Review of Penn Jillette’s Diet Book

You’d have to be a moron to take dieting or health advice from Penn Jillette. That’s how Penn Jillette bookends his book, Presto! How I Made Over 100 Pounds Disappear and Other Magical Tales.  Jillette starts the book saying he’s not a doctor or scientist and that you shouldn’t take his word on anything health related.  Then he spends the rest of the book telling you why everything he says has merit before he ends the book saying you’d be an idiot to take his advice.

Why does anyone read a book?  Sometimes to be informed. Sometimes to be entertained. Usually non-fiction like Jillette’s book is for information, and an author like Stephen King is read for entertainment.  I found Jillette’s book to be entertaining and sometimes informational.

As the title of Jillette’s book makes clear, he tells the story of how he lost 100 pounds and how he kept it off.  It’s a great story.  If Jillette sometimes seems a little whack, it’s not surprising he’d try a diet that is a little whack.  I don’t think it’s a spoiler to say that he starts off the diet by eating only potatoes for the first two weeks. Nothing else. Whereas some people might consult a medical doctor or read a diet book, Jillette follows the dieting advice given him by his friend he calls CrayRay (Crazy Ray aka Ray Cronise).

Who is CrayRay, Jillette’s diet guru?  He’s a former NASA scientist.  Jillette puts CrayRay on a pedestal.  He helped Penn lose 100 pounds, so I probably would too if he helped me lose 100 pounds too.  But, I do find some of Jillette’s claims questionable.

Jillette tries to be cute and writes that the difference between CrayRay’s diet and other diet’s is that CrayRay’s diet is “sciencey”. I’ve read a lot of diet books and I didn’t find anything in Jillette’s explanation to be more “sciencey”.  In fact, I’d probably classify the word “sciencey” to describe something that is like science, but not science itself. How I’d classify his descriptions would not be science, but rather anecdotal evidence and theories.  Jillette writes as if other diets are not “sciencey”.  Look at how many diet books are written by guys that have MD or PhD.  There are tons.

I won’t say that Jillette or CrayRay are wrong.  How could I? I just object to the description of his diet as being more “sciencey”.

The problem of many diet books, whether they are written by Jillette or MDs is that they are too “sciencey” and not enough science.

They all make appeals to “science”. But, I ask you, if one doctor basically says “high fat and high protein is of the devil, you should eat a high carb diet”, and another physician says, “carbs are of the devil, eat a keto diet”, who should you believe?  They both can’t be correct, can they?  However, that is the situation we find ourselves in today.  A guy like Neal Barnard says everyone should eat a low fat diet, and stick primarily to whole grains, fruits, and vegetables–a diet that is high carb.  Another doctor like Michael Eades says that you should eat a keto diet (high fat, low carb).  Both doctors have theories, data, recommendations, etc. Both point at the other guy and say, “if you eat that guy’s diet, you will be killing yourself.”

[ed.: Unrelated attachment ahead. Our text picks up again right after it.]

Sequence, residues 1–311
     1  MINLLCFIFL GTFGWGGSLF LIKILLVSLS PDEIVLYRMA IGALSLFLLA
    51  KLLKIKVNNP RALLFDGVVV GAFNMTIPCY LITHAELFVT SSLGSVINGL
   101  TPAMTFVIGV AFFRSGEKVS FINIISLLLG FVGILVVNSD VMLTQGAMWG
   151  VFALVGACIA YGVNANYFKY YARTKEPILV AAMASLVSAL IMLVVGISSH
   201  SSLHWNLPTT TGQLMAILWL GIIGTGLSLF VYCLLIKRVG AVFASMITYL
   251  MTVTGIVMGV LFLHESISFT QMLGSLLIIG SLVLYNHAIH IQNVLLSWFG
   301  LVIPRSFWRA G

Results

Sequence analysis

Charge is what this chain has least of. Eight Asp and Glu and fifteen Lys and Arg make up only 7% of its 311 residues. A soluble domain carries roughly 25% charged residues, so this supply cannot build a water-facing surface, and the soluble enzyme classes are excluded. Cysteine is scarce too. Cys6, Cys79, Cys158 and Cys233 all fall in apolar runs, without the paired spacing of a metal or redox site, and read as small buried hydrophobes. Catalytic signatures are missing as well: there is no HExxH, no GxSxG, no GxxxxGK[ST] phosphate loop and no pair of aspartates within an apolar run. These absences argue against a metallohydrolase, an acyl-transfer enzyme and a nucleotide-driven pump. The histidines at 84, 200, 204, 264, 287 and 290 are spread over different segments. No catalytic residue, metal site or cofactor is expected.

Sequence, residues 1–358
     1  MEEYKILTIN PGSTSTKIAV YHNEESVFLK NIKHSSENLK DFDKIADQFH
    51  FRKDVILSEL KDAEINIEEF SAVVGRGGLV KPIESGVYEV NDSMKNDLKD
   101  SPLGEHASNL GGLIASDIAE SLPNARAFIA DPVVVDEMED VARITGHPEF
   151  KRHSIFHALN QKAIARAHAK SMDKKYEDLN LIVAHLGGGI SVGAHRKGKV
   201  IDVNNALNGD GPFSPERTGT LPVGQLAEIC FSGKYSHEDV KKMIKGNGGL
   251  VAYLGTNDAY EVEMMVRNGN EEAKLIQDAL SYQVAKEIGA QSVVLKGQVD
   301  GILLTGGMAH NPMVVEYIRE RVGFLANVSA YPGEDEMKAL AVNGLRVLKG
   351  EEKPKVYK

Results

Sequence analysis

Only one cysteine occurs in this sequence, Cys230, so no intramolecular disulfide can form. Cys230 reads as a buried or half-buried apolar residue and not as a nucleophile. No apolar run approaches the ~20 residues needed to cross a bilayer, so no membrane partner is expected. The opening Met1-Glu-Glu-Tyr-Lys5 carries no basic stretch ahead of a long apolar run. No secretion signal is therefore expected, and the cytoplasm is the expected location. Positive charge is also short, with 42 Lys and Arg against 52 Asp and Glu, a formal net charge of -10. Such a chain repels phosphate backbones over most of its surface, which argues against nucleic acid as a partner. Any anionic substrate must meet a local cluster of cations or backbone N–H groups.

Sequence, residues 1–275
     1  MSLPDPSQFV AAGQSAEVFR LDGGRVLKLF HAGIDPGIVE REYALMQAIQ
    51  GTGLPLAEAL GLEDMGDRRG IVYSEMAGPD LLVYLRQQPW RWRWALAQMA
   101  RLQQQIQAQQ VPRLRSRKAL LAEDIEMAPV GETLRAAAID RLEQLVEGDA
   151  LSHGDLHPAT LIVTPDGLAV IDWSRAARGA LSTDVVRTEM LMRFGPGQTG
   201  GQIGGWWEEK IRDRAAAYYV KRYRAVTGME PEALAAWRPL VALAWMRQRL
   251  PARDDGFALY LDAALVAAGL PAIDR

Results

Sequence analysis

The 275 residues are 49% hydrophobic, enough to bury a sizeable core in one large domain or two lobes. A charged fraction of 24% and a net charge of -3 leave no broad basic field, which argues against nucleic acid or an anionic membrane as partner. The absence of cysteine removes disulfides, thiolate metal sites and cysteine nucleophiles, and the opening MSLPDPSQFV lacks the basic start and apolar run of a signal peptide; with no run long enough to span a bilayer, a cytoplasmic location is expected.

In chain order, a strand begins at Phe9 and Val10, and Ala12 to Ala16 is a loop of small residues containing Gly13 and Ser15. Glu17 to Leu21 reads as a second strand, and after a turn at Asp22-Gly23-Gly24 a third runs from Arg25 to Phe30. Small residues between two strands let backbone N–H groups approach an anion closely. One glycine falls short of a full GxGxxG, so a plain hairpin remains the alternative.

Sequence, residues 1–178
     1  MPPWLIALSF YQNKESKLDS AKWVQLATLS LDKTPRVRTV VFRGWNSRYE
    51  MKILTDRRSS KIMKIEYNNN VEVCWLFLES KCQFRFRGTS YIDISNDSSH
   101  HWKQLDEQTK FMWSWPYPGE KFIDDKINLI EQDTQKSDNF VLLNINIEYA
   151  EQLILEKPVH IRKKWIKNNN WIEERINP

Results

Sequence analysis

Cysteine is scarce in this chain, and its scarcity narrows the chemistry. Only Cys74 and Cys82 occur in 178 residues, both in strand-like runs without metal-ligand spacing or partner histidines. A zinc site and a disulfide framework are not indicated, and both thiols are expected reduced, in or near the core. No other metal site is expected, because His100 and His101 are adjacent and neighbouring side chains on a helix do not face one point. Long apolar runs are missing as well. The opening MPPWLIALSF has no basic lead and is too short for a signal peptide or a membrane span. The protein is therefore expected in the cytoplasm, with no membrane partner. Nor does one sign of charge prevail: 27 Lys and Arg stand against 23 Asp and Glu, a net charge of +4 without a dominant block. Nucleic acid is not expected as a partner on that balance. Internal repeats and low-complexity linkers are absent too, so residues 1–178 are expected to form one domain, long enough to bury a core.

The fact is that people following both diets lose weight. Both diets seem to improve health.  It’s maddening. At least to me.

In the end, after eating all those potatoes, Jillette ended up on basically a vegan diet.  He calls himself a vegan (but not for ethical reasons). I think he chuckles to himself while he wrote that calling himself a vegan, because he’s not really one. No more than once a month, like for a birthday, Jillette takes a day off from the diet and eats a steak or a burger. Imagine vegans going berserk as Jillette calls himself a vegan and then sits down in Ruth’s Chris Steakhouse and eats a filet mignon.

What are other weird things about CrayRay’s weight loss regimen? No exercise–at least until you arrive at your target weight. Sitting on the couch and sleeping instead of exercising. Being cold. Fasting–16 hours a day.  The fasting is like how some keto diet advocates recommend.

In the end, I don’t know whether to recommend the diet, but I can recommend the book. I found it enjoyable. If you follow it, you are probably as likely to lose weight on it as any other diet book. Lots of Penn’s friends have lost on the CrayRay regimen.

I recommend the book because I enjoyed the stories Penn weaved in and out of his weight loss journey. The stories are great and entertaining–like how he learned to eat fire.  There are many others like it.  I’ll issue a few warnings.  He must use the f-word a pjillion times. I worked on an Air Force base with test pilots, so I don’t mind coarse speech. But, Jillette has a lot of it.   He also reminds me a little of Trump because he knows how to throw red meat to his base.  Whereas Trump might talk about “the Wall” or “fake news”, Penn can’t help himself and throw red meat to his atheist friends and go after Christians.  I can brush it off. I don’t care what atheists think about Christianity because usually it’s directed toward evangelicals and i have some of the same complaints.  But, if you have a thin skin, just be warned.

Jillette is a good writer. But, I’ll end my review with how Penn bookends his book. You’d have to be an idiot to take seriously a book review by an engineer. But, if you read his book, you just might like it.

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